Located in the Eastern Cape, the Great Fish River Nature Reserve takes its name from the Great Fish River that winds its way slowly through the landscape gouging deep gorges through the rock and providing ample water for the wildlife and spectacular views.
The Great Fish River Nature Reserve is made up of the Andries Vosloo Kudu Reserve, the Sam Knott Reserve and the Double Drift Reserve. It covers a total of 45 500 hectares of land. Located in the Eastern Cape equidistant from Grahamstown and King William's Town, the reserve ranges from 95 metres above sea-level to 561 metres above sea-level and consists mainly of steep cliffs dropping down into river valleys and broken inter-basin ridges. Most of the wilderness reserve is made up of Great Fish subtropical thicket.
The north-west boundary of the reserve is formed by the Keiskamma River and the Koonap and Kat Rivers both flow from the north-east, eventually meeting in the north at the Great Fish River. There are a number of Later Stone Age sites and San Rock paintings found within the nature reserve showing that mankind has been in the area for many years. The Khoekhoen also settled in the area until around 1700 AD when other tribes from the north, including the Xhosa and the MFengudrove them out.
White settlers later displaced these tribes when they arrived in 1812.The Boers followed in 1820 and the 19th century saw much conflict in the area as the various groups fought to establish ownership of the land. These battles became known as the Frontier Wars and today visitors to the area can see evidence of these battles particularly at Double Drift, Willshire and Botha's Post in the graves and forts found within the reserve. The Great Fish River formed the disputed boundary between the whites in the west and the local tribes in the east.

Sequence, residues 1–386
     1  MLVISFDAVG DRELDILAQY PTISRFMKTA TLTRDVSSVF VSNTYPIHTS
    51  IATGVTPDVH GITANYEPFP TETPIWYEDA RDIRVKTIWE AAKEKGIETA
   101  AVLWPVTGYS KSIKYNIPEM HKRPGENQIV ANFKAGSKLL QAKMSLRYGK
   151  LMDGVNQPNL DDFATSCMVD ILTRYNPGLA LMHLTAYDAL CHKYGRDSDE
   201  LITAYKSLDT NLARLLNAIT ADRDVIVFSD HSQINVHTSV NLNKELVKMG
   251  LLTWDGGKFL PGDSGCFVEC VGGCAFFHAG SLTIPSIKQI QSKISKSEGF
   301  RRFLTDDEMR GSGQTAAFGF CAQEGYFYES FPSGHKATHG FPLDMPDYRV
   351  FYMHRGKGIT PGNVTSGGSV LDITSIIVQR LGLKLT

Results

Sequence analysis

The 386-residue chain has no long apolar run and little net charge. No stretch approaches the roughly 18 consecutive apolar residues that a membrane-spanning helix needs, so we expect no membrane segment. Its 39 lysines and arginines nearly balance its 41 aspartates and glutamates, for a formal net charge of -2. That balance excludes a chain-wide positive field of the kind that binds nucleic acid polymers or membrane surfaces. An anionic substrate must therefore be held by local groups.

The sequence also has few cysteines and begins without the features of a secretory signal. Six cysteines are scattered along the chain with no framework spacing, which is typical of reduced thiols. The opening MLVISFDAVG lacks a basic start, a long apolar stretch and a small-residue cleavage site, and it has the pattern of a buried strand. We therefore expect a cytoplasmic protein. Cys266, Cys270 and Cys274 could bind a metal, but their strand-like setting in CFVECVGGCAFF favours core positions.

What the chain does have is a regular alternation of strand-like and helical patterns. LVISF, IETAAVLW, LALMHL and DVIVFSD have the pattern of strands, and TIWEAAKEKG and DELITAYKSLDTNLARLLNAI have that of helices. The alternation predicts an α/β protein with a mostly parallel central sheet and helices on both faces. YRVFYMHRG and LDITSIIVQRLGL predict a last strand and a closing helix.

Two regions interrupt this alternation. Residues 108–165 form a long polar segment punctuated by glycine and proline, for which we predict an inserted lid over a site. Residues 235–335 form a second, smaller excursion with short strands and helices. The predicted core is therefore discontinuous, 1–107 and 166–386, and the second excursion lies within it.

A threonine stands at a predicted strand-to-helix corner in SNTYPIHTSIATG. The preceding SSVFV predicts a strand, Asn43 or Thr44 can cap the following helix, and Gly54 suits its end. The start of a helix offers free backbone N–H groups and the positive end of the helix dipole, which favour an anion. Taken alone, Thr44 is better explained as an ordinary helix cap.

Most of the exposed rock found in the nature reserve is sandstone but in the valleys and along the rivers one will find softer mudstone. Most of the area is covered in Great Fish thicket which is made up of 12 different types of vegetation and is very dense and difficult to penetrate, hence the large game animals such as Rhinos and Buffalo do well here as they are powerful enough to push through it. Prominent plants found in the area, especially on the slopes, include honey euphoria, river euphoria and a number of aloes such as the bitter aloe and the climbing aloe. The game animals feed mostly on the porkbush and spekboom.
There are at least 68 species of mammals found in the nature reserve and this includes one of South Africa's largest populations of Black Rhino. Today there are over 100 Black Rhino found in the reserve. Originally founded to conserve the Greater Kudu, these antelope are now commonly seen within the wilderness reserve. There are also over 400 'disease free' Buffalo found in the park as well as a number of antelope species including Red Haartebeest, Common Eland, Springbok, Blesbok and Steenbok.
The one animal you will not be able to miss in the park are Warthog as they are found in abundance. Of the large hunters, Leopard and Brown Hyaena are in the reserve but are seldom seen and visitors may see and will often hear the call of the Black-backed Jackal.
Bird-watching is a popular activity in the wilderness park and there are over 247 species of birds found here. The best bird watching is often had around the camps and picnic grounds. There are several exotic fish found in the reserve including Sharp-tooth Catfish and Large-mouthed Bass.
The Great Fish River Nature Reserve Travel Guide features helpful information and accommodation options.